EconSource: UAE to Supply Egypt With $1.6 Billion in Petroleum Products

The Abu Dhabi National Oil Company (ADNOC) has in principle agreed to send the Egyptian General Petroleum Corporation (EGPC) $1.6 billion worth of fuel and petroleum products for three months. Through the agreement, Egypt will receive petroleum products in September, October, and November. Talks regarding the contract, which will be signed by the end of August according to a source, are in the final stages. Last year, ADNOC agreed to send $9 billion worth of petroleum products to Egypt, but the contract was terminated after five months. Meanwhile, on Sunday, Saudi Arabia agreed to provide Egypt with $1.4 billion worth of petroleum products. [AMAY (Arabic), 8/10/2015]

Libyan Central Bank outlines corruption policy, foreign currency measures
The Central Bank of Libya (CBL) issued a statement outlining policies for corruption and foreign currency measures. The CBL said although it can only fully investigate claims of corruption within its own organization, it can freeze bank accounts and restrict foreign currency for banks or companies found guilty of corruption. On Libya’s lack of foreign currency, largely due to a fall in oil revenue and high spending, the CBL said it is “facing a dilemma, either to exhaust [its] foreign reserves to cover food and medicine costs for the population, or preserve these reserves.” In order to manage this situation, the CBL will implement a number of strategies, including putting certain restrictions on commercial banks. The CBL also said it would take measures to improve monitoring procedures in the banking sector. [Libya Monitor (subscription), 8/11/2015]

Prospects dwindle for Kurdistan Eurobond debut
Iraqi Kurdistan’s plans to tap into international markets have been all but wiped out by falling oil prices, rising geopolitical tensions, and a difficult backdrop for emerging economies, according to fund managers. In June, representatives from the Kurdistan Regional Government (KRG) met investors to gauge demand for a potential $500 million debut Eurobond issue. Seven weeks later, it seems unlikely that the bond issue will happen. Kurdistan passed a law that allows it to raise funds through international borrowing, but has no prospect of gaining backing from the central government in Baghdad. Without a guarantee from Baghdad, the bond would not be included in the major emerging debt benchmarks, would be less liquid, and would appeal to fewer investors. However, a senior KRG official commented, “We’re still interested in going forward with a bond issuance.” [Reuters, 8/10/2015]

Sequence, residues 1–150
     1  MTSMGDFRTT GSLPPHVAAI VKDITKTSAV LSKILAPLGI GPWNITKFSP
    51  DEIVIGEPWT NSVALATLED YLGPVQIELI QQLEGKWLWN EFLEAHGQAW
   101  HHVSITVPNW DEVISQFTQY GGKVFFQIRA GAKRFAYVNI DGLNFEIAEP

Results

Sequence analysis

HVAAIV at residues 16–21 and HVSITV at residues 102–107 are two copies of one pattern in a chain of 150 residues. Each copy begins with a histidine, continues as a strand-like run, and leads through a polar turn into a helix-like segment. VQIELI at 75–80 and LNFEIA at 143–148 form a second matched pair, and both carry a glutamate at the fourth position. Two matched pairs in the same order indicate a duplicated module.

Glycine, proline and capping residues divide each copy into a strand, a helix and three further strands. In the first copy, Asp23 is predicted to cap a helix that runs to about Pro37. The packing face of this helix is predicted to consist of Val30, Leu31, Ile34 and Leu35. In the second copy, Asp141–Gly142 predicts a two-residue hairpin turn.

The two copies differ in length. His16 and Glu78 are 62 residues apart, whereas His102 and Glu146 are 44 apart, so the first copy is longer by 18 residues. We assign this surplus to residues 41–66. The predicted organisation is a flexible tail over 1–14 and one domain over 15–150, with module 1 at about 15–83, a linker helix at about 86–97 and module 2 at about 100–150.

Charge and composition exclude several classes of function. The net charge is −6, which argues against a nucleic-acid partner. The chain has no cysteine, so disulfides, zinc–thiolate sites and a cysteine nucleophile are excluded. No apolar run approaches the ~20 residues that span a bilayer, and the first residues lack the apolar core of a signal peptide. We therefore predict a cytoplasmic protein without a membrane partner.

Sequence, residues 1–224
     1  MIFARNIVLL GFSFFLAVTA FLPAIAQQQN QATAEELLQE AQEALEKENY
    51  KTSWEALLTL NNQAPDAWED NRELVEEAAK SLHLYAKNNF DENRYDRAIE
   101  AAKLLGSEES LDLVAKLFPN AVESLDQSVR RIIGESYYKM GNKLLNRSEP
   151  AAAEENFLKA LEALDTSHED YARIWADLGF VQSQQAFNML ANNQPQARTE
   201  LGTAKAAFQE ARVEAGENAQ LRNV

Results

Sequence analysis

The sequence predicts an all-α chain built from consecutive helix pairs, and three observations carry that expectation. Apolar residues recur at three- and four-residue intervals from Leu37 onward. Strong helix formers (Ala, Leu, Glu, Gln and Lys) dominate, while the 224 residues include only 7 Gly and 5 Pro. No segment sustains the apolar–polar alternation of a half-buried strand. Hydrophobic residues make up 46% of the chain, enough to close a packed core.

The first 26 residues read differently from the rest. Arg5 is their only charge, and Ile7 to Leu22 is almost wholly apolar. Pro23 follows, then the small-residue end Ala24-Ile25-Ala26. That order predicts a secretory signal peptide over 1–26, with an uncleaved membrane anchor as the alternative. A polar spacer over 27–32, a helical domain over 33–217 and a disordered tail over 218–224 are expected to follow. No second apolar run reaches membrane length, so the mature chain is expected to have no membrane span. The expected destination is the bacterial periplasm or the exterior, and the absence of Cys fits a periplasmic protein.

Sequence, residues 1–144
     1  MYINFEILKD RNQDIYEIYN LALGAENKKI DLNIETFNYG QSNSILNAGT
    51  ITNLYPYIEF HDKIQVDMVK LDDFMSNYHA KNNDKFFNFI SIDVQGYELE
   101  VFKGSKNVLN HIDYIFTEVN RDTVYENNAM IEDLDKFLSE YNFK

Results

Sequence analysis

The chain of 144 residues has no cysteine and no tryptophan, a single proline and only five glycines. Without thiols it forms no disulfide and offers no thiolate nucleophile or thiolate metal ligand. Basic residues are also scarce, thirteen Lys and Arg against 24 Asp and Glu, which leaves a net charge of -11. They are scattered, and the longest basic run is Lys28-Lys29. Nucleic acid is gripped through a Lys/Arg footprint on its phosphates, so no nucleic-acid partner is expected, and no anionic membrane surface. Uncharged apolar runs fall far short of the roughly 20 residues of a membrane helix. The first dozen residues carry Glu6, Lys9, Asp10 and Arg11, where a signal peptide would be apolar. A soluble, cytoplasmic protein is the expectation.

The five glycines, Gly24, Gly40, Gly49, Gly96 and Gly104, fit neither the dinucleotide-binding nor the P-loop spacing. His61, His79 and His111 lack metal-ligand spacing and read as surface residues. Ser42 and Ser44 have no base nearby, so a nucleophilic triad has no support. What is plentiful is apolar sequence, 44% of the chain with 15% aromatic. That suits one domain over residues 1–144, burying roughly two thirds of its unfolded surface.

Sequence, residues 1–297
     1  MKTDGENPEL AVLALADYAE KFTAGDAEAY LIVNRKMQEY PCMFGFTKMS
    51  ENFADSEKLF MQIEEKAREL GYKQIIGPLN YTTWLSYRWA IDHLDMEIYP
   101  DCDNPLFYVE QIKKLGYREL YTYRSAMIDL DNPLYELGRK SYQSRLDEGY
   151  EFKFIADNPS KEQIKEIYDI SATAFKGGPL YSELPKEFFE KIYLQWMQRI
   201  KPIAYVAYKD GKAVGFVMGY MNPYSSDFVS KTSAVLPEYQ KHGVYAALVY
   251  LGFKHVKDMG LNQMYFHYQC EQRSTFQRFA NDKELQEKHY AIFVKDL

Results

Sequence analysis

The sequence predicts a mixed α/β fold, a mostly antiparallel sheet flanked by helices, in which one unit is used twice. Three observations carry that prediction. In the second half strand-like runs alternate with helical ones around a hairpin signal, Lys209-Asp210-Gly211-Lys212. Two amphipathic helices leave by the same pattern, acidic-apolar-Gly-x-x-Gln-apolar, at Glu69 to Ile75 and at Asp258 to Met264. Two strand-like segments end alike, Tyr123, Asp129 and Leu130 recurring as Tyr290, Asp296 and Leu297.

Algeria launches tax amnesty to improve battered public finances
Algeria launched a tax amnesty on Monday aimed at boosting the government’s finances as it grapples with a 50 percent fall in oil revenue. Analysts estimate that authorities lose $4 billion annually to tax fraud. The tax amnesty, aimed at ordinary Algerians who pay a 7 percent income tax, will end in December 2016, the tax department said in a statement. Algeria’s oil and gas revenues are expected to fall to $34 billion this year from the $68 billion earned in 2014, officials have said. Algerian imports are forecast at $57.3 billion for 2015, exceeding exports for the first time. [Reuters, 8/10/2015]

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